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New Media

a brief rant and some debate

Thankfully this is filed in the Telegraph under ‘opinion’, or it might suggest that the rampant right-wing press is back to stay. Gerald Kaufman’s piece is, as Mark Kermode suggested on Friday, entirely fatuous. To suggest that ‘The most chilling aspect of the Virginia Tech massacre is that its perpetrator, Cho Heung-sui, a South Korean, was directly inspired by a recent South Korean splatter movie‘ is not only insensitive to the families of the victims, but also speaks to a gross and wilful misunderstanding of the landscape of popular culture. Filmmakers are not responsible for what happened in Virginia last week, and if it’s going to be suggested that they are, it’s surely about time that we held the Vatican, the Church of England, the Prophet and any number of religious institutions to account for the bloodshed across the world today. We don’t, for any number of reasons, but chiefly because as a society we’re cowards who don’t like the thought of our families and friends being assaulted and worse on account of our experiencing a moment of clear-headedness. Kaufman’s piece is as symptomatic of that cowardice as it is indicative of a politician filling empty air with ill-thought out phrases and soundbites. Furthermore, what is he actually proposing? 

Films such as 300, about the battle of Thermopylae and based not on Greek history or legend, but on a comic-book, can show images that transcend reality and, without seeking to do so, trivialise death.’

Thanks Gerald. That’ll be the same trivialising of death that results in an ill-managed invasion of a foreign state with no thought to the consequences, and then the building of a wall to separate cultural groups. Because that seemed to work so well a few years ago. He does suggest that gun control might be one of the factors at work here (and then makes the usual mistake of ducking the issue in favour of an easier target (excuse my pun) while not examining the reasons the second amendment exists in the first place), although his insistence that this is ‘god-given’ suggests that he has barely any grasp of the nature of the US constitution. God has nothing to do with it. People have to do with it.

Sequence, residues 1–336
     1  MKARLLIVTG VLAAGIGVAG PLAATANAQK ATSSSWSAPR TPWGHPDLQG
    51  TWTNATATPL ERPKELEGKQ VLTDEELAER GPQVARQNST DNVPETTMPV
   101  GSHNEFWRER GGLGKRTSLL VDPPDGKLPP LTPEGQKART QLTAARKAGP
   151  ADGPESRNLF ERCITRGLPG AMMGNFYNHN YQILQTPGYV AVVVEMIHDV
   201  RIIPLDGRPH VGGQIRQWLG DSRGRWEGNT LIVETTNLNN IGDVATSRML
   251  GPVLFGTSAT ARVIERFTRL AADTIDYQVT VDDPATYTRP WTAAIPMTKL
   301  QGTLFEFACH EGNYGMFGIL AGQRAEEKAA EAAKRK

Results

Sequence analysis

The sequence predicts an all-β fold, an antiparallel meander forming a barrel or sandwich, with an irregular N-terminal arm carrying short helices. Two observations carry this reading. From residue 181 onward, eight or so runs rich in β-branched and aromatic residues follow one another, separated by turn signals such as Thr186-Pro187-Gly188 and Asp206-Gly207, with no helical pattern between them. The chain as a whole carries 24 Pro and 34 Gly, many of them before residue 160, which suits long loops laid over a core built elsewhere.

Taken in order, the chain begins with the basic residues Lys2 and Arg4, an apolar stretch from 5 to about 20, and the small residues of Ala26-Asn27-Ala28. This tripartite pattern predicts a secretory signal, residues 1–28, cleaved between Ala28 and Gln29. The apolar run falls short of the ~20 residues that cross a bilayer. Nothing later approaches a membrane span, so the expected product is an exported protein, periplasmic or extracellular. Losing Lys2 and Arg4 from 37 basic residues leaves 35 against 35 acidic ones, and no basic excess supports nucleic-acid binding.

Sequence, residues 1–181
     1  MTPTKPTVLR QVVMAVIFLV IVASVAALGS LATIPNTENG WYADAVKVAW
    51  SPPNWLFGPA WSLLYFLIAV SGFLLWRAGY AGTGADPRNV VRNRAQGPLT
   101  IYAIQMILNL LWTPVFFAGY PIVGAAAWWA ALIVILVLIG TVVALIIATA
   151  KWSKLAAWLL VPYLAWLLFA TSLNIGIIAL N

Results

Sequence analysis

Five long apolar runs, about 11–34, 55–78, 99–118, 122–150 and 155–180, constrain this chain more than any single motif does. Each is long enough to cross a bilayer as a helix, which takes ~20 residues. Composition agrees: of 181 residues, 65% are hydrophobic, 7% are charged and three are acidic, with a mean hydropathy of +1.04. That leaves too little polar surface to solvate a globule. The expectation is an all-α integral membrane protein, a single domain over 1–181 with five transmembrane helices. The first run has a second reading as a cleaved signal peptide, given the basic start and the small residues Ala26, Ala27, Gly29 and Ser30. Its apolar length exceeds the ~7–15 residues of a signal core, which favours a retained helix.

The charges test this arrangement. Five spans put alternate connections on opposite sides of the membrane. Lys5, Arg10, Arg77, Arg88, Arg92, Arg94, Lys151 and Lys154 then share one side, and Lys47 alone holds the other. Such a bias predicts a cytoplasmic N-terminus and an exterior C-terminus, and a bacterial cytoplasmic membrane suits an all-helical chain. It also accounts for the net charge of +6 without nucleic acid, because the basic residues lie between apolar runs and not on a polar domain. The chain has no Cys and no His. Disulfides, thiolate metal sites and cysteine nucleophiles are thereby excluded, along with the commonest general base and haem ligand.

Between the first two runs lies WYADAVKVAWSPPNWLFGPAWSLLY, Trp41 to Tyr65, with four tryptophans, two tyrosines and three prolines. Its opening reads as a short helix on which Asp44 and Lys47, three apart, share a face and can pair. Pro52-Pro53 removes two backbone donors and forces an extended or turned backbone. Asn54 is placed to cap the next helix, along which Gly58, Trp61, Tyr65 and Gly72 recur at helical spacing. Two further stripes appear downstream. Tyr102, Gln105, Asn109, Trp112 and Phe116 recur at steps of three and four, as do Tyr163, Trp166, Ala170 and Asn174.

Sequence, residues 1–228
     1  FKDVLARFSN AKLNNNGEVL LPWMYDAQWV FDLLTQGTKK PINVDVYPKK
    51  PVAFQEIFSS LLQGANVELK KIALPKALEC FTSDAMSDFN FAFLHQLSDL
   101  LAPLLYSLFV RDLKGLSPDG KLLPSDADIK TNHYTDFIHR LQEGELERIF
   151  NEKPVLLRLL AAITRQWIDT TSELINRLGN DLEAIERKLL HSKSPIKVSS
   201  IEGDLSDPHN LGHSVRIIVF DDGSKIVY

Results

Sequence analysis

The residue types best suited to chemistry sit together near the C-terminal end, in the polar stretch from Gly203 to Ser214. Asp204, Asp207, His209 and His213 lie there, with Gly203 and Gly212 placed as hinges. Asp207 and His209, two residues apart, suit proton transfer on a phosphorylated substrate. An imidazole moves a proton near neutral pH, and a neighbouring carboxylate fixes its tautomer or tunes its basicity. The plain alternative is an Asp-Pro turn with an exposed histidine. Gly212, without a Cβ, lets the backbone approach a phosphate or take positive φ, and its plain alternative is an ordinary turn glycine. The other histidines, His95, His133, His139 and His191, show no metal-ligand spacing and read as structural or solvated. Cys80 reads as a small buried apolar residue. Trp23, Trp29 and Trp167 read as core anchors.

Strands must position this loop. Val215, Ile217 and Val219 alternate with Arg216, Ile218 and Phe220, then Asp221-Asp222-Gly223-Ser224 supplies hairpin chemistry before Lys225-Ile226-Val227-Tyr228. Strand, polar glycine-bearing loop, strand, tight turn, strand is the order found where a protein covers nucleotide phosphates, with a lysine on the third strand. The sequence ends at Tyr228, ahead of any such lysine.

Elsewhere. The Guardian follows up the furore about new and old media and responsibility with a short debate between Jeff Jarvis and Patrick Barkham. At least someone is thinking. As usual, its not the Daily Telegraph or any elected member of Parliament. A week or two ago I caught a piece on the news in which a member of the public declared that academics were ‘the most dangerous people on the planet’ because, apparently, we committed the ultimate offence of daring to think. I’m happy to be dangerous and a menace if that’s the criteria these days. 

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